†††††††††† The following table shows the use of chemical fertilizers in the district, during 1981-82 to 1988-89 :-

†††††††††† Year †††††††††††††††††††††††††††††††††††††††††††† Fertilizers used

†††††††††††††††††††††††††††††††††††††††††††††††††††††††††††††††† ( '000' nutrients tonnes)

†††††††††† 1981-82††††††††††††††††††††††††††††††††††††††††††††††††††††††††††††††† -

†††††††††† 1982-83††††††††††††††††††††††††††††††††††††††††††††††††††††††††††††††† -

†††††††††† 1983-84††††††††††††††††††††††††††††††††††††††††††††††††††††††††††††††† 100

†††††††††† 1984-85††††††††††††††††††††††††††††††††††††††††††††††††††††††††††††††† 109

†††††††††† 1985-86††††††††††††††††††††††††††††††††††††††††††††††††††††††††††††††† 112

†††††††††† 1986-87††††††††††††††††††††††††††††††††††††††††††††††††††††††††††††††† 115

†††††††††† 1987-88††††††††††††††††††††††††††††††††††††††††††††††††††††††††††††††† 117

†††††††††† 1988-89††††††††††††††††††††††††††††††††††††††††††††††††††††††††††††††† 119

†††††††††† ( Statistical Abstracts of Punjab, 1984 to 1989 )

 

Local Manurial Resources

Rural Compost and Cattle-Dung Manure.-- Compost is a very useful organic manure for increasing fertility of the soil. It contains micro-nutreients in addition to major nutrients which are most essential particularly for high-yielding varieties.About 50 per cent of compost in the rural areas is wasted as fuel in the form of dung cakes since the farming community is not fully aware of its importance . It consists mainly of vegetable substances mixed with animal dung and urine. It, therefore , contains all the elements present in the plant itself and provides an appropriate additive to the soil for restroring the ingredients removed from it by the crop. In view of the importance of this manure, Government has launched a compaign to make the best use of farm yard manure and other wastes. The East punjab Conservation of Manures Act, 1949 (1950 Amendment), provides for the setting up of manure conservation committees and empowers the State Government to notify particular areas for the purpose of conserving manure and makes it incumbent on cultivators to take such measures as may be necessary for the purpose. The rural compost scheme was made permanent in the State in October 1966. The rural compost prepared inthe district, during 1980-81 to 1988-89 is given below:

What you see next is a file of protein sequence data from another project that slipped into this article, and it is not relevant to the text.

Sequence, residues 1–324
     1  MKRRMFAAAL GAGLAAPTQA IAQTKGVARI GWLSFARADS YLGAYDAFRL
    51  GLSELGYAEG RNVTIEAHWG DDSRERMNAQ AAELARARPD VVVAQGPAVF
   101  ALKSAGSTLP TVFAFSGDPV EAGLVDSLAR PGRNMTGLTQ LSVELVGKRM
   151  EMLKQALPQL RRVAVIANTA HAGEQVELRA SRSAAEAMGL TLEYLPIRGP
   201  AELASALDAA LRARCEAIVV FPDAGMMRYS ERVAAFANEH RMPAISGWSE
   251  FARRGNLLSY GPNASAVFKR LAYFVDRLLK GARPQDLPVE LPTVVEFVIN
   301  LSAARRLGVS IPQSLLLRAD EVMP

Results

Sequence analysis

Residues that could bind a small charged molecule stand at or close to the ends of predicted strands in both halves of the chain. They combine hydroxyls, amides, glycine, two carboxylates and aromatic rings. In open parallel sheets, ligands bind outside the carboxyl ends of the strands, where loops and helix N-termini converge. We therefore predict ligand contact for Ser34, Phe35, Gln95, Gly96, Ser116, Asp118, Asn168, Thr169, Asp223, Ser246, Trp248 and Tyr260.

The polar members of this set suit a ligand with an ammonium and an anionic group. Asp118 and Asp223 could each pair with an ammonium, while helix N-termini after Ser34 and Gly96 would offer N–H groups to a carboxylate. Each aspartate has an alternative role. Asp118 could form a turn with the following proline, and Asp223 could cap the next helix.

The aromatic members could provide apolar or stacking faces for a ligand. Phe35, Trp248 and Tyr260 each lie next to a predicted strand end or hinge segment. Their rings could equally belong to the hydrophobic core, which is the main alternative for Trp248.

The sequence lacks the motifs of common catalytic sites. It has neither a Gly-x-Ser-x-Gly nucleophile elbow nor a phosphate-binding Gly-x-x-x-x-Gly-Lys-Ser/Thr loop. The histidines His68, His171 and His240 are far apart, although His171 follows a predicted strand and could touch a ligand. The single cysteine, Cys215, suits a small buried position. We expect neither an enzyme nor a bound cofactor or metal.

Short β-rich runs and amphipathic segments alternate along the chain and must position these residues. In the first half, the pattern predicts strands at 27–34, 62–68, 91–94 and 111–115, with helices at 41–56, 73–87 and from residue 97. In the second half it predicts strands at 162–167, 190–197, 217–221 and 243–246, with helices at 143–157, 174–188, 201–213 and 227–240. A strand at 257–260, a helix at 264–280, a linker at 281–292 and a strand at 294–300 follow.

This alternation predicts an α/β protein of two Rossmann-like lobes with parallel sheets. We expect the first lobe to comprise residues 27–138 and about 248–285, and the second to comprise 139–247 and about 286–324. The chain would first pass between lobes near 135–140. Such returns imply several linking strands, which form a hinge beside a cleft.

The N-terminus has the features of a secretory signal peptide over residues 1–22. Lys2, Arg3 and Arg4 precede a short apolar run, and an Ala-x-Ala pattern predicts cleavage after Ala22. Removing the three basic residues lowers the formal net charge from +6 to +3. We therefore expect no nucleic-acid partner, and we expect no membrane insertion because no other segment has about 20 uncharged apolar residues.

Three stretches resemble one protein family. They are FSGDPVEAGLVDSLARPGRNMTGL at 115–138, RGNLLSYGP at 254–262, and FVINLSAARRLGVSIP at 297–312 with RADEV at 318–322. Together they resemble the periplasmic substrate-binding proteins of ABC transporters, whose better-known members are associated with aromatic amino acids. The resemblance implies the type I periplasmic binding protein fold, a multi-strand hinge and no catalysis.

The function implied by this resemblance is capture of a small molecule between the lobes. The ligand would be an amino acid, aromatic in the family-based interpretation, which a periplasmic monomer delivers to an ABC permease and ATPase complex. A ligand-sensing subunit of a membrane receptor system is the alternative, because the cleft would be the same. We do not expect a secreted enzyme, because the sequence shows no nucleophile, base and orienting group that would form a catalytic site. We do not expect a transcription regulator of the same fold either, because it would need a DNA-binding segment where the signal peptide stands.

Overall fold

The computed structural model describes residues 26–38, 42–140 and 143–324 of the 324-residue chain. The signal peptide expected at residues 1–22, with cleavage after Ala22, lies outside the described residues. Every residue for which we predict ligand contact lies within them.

Green Manuring:---- Green manuring is a method of improving fertility by adding nitrogen from plants direstly into the soil. This practice improves the soil texture by the addition of human or organic matter. Further, it creates better conditions for the increase of useful bacteria in the soil. The water holding capacity of soil also increases. The locally popular green manure crops are guara or cluster been dhaincha and saun hemp.

††††††† The scheme for the extension of green manuring in the State was introduced in April 1961.The total area under green manuring in the district, during 1980-81to 1988-89 is given below:

 

Town Compost.----- Urban wastes are a potential sources of plant food ingredients . The Town Compost Scheme was introduced in the State in 1944. Under this Scheme, all town wastes are collected and allowed to decompose in trenches, yielding organic manure of high quality of town compost prepared by the municipalities in the district, during 1980-81 to 1988-89 , is giver below:

††††††† Sullage Utilization. ---- The water as well as the plant nutrients and organic matters supplied by sewage or sullage is highly useful for almost all crops. The benefit derived nutrients and organic matter supplied by the sevage. It is easily available for field in the vicinity of towns.